As I write, it seems that only the prescription drug part of the reconciliation bill is likely to pass. Reducing the costs of prescription drugs, if they accomplish it, will allow Democrats to argue that at least they are beginning to confront the rising cost of living. At the same time they must swallow hard and point to their failures to pass measures on climate change and taxes, immensely frustrating as they are, to reinforce the larger point: to pass their programs and to safeguard Americans’ rights, Democrats need to retain control of the House and to elect more senators. If they do manage to pass other vital legislation before the election—for example, parts of the China competitiveness bill that invest in producing semiconductors here and reforms to protect American democracy that emerge from the January 6 committee—this will reaffirm that Democrats are determined both to produce and protect American jobs and to safeguard a system under threat.
Democratic voters must not only fear what might happen if they don’t vote. They must believe that their leaders, once elected, can and will protect the country and its institutions. In the meantime President Biden badly needs to take specific executive actions on climate that show voters genuine urgency and creativity. He also needs to work harder to remind Americans of the jobs his infrastructure bill is creating. In 2020 he campaigned on the promise to make government work. Now he must convince voters again that, if given the tools, he can.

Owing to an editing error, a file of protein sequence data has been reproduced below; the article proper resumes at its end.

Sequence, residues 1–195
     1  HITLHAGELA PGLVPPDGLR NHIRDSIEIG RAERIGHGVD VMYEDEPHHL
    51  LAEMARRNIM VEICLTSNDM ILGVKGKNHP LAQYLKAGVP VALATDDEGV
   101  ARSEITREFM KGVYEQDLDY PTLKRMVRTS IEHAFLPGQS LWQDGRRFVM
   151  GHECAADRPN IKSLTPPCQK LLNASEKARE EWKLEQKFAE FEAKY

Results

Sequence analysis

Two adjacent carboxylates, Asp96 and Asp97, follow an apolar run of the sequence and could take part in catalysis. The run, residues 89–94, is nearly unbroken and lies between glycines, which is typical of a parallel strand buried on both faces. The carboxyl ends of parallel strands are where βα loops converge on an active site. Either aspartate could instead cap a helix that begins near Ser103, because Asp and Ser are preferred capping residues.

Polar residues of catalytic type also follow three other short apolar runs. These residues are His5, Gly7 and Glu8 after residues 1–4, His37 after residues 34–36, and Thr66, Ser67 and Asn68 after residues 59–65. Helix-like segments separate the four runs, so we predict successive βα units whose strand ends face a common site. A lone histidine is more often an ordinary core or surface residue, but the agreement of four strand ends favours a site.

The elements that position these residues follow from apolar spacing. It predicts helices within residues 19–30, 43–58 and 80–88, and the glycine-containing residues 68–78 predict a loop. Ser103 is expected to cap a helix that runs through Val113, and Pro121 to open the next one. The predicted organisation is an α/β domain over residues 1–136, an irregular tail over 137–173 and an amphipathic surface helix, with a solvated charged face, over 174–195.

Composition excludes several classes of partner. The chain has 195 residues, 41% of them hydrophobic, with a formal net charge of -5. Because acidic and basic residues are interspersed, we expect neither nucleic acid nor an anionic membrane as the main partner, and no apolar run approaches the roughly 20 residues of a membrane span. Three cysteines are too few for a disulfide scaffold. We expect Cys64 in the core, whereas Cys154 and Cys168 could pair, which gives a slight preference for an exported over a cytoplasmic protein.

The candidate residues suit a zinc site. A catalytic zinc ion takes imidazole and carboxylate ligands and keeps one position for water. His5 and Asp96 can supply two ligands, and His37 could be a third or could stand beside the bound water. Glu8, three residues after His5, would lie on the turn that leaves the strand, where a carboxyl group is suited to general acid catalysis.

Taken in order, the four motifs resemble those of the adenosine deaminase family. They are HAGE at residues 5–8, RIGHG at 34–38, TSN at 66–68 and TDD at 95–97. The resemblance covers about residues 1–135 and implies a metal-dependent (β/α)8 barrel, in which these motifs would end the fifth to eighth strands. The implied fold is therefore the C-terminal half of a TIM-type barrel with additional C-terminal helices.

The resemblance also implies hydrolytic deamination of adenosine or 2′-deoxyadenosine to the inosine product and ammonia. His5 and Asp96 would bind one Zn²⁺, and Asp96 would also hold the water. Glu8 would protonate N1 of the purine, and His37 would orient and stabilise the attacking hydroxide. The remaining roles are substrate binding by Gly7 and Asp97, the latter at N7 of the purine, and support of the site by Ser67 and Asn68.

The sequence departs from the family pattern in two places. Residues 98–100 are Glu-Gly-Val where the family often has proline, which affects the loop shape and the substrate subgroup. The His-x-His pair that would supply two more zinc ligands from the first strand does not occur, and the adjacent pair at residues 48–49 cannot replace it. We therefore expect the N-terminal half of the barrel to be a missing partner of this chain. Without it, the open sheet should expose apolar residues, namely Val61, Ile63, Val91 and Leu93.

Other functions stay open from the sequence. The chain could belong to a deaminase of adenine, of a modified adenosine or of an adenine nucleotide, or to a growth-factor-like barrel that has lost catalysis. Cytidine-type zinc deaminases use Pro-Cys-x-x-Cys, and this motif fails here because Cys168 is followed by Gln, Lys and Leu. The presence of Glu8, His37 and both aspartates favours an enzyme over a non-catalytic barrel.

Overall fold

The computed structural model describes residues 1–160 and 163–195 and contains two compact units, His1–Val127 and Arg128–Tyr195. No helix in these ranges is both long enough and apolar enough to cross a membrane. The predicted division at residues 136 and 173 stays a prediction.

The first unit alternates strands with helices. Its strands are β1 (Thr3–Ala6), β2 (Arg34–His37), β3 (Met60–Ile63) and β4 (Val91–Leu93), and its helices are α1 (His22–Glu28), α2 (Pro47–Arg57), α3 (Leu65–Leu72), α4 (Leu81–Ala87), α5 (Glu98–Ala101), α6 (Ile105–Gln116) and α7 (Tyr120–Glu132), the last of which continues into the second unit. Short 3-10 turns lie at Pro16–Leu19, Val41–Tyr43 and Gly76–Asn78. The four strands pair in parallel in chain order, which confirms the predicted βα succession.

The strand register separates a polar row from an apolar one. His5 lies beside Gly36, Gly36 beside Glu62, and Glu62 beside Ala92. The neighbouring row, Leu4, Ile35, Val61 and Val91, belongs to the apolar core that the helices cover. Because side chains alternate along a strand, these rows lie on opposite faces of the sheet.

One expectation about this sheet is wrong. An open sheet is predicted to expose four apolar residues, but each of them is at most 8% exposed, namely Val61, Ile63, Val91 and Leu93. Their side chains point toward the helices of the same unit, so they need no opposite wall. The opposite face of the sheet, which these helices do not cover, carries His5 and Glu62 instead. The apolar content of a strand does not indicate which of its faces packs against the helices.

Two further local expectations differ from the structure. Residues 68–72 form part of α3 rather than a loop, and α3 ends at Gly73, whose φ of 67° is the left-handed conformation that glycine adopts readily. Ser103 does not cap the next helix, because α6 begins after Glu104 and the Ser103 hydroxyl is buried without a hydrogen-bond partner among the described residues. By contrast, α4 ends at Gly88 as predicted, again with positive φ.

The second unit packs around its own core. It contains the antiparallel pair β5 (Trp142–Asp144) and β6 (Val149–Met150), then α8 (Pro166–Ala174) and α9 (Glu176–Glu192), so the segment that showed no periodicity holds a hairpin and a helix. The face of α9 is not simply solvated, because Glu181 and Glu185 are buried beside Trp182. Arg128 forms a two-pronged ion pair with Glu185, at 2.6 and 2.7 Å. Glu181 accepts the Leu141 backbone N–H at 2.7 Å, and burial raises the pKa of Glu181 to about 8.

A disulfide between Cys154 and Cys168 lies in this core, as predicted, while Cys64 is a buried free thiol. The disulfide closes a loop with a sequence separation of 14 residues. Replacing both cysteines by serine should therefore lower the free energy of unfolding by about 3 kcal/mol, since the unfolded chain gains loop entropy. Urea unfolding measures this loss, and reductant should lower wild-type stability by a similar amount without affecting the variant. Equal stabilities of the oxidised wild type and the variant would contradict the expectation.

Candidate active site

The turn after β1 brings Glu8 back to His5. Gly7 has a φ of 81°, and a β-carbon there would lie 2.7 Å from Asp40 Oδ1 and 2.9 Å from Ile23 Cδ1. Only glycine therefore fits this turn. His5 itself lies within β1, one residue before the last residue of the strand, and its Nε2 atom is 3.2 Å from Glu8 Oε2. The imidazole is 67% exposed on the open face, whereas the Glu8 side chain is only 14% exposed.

During the past months the specter of an increasingly autocratic America has raised its head. Voters who cast their ballots for Democrats must be in no doubt about what they are voting for: the freedom to love and marry whom they wish, the freedom to decide when they want to bear children and to keep those children safe from gun violence—and the certainty that they will go on having a real voice in choosing who leads them. They must be reminded that these rights and freedoms are at risk, that a very different future looms. The most important election of our lifetime is coming. The emergency is upon us. If we are truly to meet it, we must first make bold to say so.
—July 21, 2022